Occasionally, weaning squabbles between mother and young do occur, particularly if the mother is already pregnant again. In field studies of baboons, conflicts of interest did not invariably lead to such squabbles. Evidence from a variety of mammals suggests that maternal aggression often does not occur at all and, if it does, it is seen at quite different stages in development from that in which the process of weaning occurs.9

Perhaps the most convincing evidence against the early manipulative predictions derived from parent-offspring conflict theory was that mothers both monitor and respond to the progress of their current offspring. Mothers may actively compensate for the slow development of their young or delay conception of the subsequent offspring if the present one is progressing slowly. Rat mothers continue to lactate for longer than would otherwise have been the case when they are given pups younger than the ones they had been suckling, again suggesting that the mother is not necessarily driving the weaning process without regard for her offspring’s condition.

From the offspring’s standpoint, young laboratory rats seem to wean themselves spontaneously; a stage is reached in development when they actively choose solid food in preference to milk. When the offspring’s metabolic costs go up as they get older and larger, they may be forced to wean themselves because they simply do not get enough energy from their mother’s milk. In domestic cats, the rate of growth starts to slow down around 20 days after birth, particularly in kittens of nutritionally stressed mothers, and then suddenly speeds up again around 30 days as they start to process solid food efficiently. The discontinuity occurs at different ages in different animals and is less apparent, as a consequence in averaged data. The slowing down of growth before the discontinuity is much more pronounced in larger litters that impose greater energetic demands on their mothers. The eventual inadequacy of the mother to provide for all the nutritional needs of the young is particularly evident in fur seals in which the mother disappears for several days while she stokes up for the next bout of lactation. Eventually what she can provide is less than what her pup needs.10

The empirical study of behaviour has forced a reappraisal of the optimal route to maximum reproductive success in mothers and the optimal route to highest probability of survival in their offspring. The evolutionary arguments needed to be looked at again, not simply from the standpoint of honest signalling but also bearing in mind how an individual’s state might affect the optimal weaning time from both the standpoint of the mother and that of her offspring.11 In species that can breed more than once, the mother has a reasonable chance of successfully raising more than one offspring. The current offspring will only survive to independence after a certain minimum amount of care has been given to it. Even when the mother is well fed, the longer she cares for the current offspring, the worse her state may become, given the substantial energy costs of lactation. As a consequence, the costs in terms of the diminished probability of rearing more young may soon outweigh the marginal benefits of giving more milk to the current young.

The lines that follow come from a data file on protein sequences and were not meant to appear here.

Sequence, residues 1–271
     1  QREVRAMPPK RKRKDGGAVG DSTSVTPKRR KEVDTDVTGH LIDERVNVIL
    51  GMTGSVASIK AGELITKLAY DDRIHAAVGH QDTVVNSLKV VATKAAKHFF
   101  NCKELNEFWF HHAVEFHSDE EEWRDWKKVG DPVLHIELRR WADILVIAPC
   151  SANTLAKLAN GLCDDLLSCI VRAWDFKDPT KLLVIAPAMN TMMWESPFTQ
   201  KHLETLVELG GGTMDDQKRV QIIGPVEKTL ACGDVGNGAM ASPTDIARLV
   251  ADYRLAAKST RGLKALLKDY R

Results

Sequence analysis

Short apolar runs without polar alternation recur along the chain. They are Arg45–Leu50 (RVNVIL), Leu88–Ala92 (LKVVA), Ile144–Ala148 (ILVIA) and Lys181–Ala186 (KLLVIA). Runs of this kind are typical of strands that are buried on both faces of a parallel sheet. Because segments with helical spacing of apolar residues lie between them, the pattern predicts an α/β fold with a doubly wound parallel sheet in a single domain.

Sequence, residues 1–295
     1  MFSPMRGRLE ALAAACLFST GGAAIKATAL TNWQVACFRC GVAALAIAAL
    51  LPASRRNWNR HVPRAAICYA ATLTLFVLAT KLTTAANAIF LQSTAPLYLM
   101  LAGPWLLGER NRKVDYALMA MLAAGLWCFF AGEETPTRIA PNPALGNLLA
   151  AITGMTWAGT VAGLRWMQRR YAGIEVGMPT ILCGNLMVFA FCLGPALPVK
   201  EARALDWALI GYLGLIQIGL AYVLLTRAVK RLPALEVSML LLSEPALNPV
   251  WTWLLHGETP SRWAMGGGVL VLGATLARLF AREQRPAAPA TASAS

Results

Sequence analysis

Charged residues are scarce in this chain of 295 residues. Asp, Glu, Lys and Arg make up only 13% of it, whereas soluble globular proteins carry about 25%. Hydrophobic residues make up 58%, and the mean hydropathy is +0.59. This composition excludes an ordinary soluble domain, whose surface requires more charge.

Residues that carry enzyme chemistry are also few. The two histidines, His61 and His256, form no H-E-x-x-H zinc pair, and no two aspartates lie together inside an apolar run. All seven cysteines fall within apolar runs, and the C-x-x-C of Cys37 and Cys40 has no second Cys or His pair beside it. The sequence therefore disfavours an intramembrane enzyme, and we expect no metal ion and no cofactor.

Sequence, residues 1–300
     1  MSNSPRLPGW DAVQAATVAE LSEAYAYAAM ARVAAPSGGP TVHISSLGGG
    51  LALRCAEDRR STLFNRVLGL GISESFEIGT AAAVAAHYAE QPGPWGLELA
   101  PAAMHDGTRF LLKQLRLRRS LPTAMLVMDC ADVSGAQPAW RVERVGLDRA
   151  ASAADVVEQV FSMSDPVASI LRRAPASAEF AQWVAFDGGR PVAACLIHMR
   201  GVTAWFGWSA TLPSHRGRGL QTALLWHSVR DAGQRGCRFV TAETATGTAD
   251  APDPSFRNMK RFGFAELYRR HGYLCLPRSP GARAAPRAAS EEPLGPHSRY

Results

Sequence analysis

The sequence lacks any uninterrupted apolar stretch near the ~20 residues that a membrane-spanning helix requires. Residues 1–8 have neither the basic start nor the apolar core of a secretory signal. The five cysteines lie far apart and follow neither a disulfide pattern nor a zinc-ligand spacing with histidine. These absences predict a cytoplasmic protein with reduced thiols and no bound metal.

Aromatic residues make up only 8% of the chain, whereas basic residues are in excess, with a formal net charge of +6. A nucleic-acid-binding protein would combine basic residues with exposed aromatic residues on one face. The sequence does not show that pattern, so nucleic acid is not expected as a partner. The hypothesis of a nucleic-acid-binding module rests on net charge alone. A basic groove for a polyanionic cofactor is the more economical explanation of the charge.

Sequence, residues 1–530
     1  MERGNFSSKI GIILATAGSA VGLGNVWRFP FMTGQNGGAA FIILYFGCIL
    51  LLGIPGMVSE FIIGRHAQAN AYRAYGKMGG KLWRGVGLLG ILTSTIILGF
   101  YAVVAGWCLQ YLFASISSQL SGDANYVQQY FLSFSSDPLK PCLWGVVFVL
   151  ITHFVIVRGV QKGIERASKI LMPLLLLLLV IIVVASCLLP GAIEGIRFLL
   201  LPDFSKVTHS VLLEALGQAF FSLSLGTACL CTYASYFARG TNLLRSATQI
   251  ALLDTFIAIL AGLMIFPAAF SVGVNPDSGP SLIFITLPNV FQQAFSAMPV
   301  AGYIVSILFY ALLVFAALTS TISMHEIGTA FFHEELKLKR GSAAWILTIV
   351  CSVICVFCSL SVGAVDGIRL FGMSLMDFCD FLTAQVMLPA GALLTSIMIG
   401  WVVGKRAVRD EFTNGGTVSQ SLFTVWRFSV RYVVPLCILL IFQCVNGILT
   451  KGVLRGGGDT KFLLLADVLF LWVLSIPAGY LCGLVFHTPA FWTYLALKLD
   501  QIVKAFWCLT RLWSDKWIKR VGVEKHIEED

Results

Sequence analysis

The probability of having another offspring ought to influence the time and energy devoted to the current one. For example, the mother may have to face a winter in which she cannot breed and which she might not survive. Furthermore, matters may be made worse if finding a mate takes time. With a relatively low probability of breeding again, her lifetime reproductive success may be maximised if she gives higher priority to the current offspring than to those that are as yet unborn. Conversely, if she has mated immediately after the birth of the current young and is pregnant while she lactates, as is possible in species such as the cat and the rat, she may give lower priority to the offspring she is currently looking after than if she were not pregnant. Under most environmental conditions, the optimum weaning time should be earlier than for non-pregnant mothers.

The reactions of an offspring to its mother’s conditional responses to the environment should also be conditional. In many species, the relation between the effect of its behaviour on its probability of surviving before weaning and its probability of surviving after weaning must both be taken into account. This is because offspring survival does not simply depend on getting as much milk as possible from the mother while she is able to provide it. Other benefits, such as the protection the offspring might have derived from her in the post-weaning period, would be lost if it were so demanding in the pre-weaning period that it seriously damaged her health. In the early stages of lactation the offspring’s survival depends utterly on receiving immediate maternal attention. Moreover, since meeting its needs is relatively easy for the mother because of the offspring’s low body mass compared to that of the mother, the longer-term consequences for post-weaning care of being demanding are not heavy. As the offspring grows, these delayed effects of being demanding start to rise and, at the same time, the chances of the young surviving without maternal milk begin to improve. By the time the offspring has reached the late pre-weaning stage, its peak demands have dropped to low values.